Blanckenberg says a range of awareness activities were set in motion in public places in Dubai and Abu Dhabi, organised in partnership with local government authorities and also involving the AGMC and Abu Dhabi Motors dealerships. Child safety booster cushions were distributed in malls and parks during Awareness Days. Demonstrations on the correct installation of child safety restraints were also carried out.

Notably, the campaign was extended to Saudi Arabia last October, where local BMW importer Mohamed Yousuf Naghi Motors arranged awareness events in shopping malls in Jeddah, Riyadh and Al Khobar, and 1,000 child booster cushions were distributed.

In total, roughly 9,000 child booster cushions were handed out in Dubai, Abu Dhabi, Kuwait, Oman, Saudi Arabia and Jordan.

But it is to the region’s most statistically at-risk demographic group that the campaign is arguably best placed to make the biggest impact.

Last year BMW has conducted a series of educational road shows at four campuses of the Higher Colleges of Technology (HCT), the UAE’s largest higher learning institution. More than 2,000 students attended the road shows.

Blanckenberg says BMW’s engagement with HCT - which has 14 campuses and 19,000 students across the country - will grow. “In March we sent a questionnaire to almost 16,000 [HCT] students asking about their driving behaviour, and received almost 3,000 responses. The findings are being analysed by a research company so we can ascertain the reasons for good and poor driving behaviour,” she explains.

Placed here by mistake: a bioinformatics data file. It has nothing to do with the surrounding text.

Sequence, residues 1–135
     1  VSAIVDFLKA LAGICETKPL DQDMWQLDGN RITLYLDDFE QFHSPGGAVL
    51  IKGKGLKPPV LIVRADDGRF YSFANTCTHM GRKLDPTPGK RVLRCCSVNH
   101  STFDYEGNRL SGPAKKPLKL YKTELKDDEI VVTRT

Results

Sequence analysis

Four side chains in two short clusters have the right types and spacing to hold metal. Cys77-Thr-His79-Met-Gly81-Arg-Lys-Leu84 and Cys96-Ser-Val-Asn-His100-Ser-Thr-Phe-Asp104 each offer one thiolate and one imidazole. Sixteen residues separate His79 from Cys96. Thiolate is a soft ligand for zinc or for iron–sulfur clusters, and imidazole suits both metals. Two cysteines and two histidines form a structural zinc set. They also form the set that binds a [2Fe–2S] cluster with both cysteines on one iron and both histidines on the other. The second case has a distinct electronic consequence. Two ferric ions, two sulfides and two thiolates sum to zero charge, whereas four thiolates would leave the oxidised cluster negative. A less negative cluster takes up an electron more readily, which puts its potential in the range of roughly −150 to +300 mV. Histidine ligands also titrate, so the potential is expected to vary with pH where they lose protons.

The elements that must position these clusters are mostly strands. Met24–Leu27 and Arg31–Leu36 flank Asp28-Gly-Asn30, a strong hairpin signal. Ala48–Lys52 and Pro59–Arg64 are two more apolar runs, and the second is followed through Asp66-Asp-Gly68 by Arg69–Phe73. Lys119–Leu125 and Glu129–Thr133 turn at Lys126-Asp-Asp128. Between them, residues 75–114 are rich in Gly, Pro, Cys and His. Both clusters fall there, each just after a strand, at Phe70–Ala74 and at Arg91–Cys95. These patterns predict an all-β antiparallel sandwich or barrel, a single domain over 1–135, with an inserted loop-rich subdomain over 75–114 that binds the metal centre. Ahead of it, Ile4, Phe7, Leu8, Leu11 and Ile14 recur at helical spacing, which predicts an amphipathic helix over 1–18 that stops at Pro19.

BMW is also behind a 30-minute online road safety programme, which will be introduced to the HCT curriculum for 12 months starting on 1 September 2013. The programme will be compulsory for all 19,000 HCT students.

The institution’s vice chancellor Dr Tayeb Kamali says the BMW campaign has “significant relevance” for the students and that the online course is an important educational tool.

“As the safety of students is a paramount issue, the Higher Colleges of Technology have this year expanded their involvement with the BMW Group Middle East Road Safety Campaign to involve all of our foundation programme students,” he notes.

“The course is another example of the Higher Colleges utilising innovative technology to engage students in the educational process, as part of the HCT’s Learning by Doing philosophy. The feedback and keen involvement by over 3,000 students who participated indicate that this method of education is an invaluable process for them,” he adds.

Blanckenberg says BMW will continue to focus on getting young drivers in the UAE and elsewhere to “buckle up” following what she describes as an “overwhelming response” to last year’s campaign. She adds that the array of awards BMW has won for this unique CSR campaign will not deflect from its mission to make the GCC’s roads safer.

“We feel a lot more needs to be done,” she admits. “Hopefully our campaign will eventually encourage the local governments to enforce seat belt and child car seat use.

“No other company has done as much in the Middle East to promote road safety, so we feel proud to talk about what we have done so that it encourages other companies to conduct campaigns for such a needful cause,” she concludes.

This feature appeared in the July 2013 issue of The Gulf, our sister publication.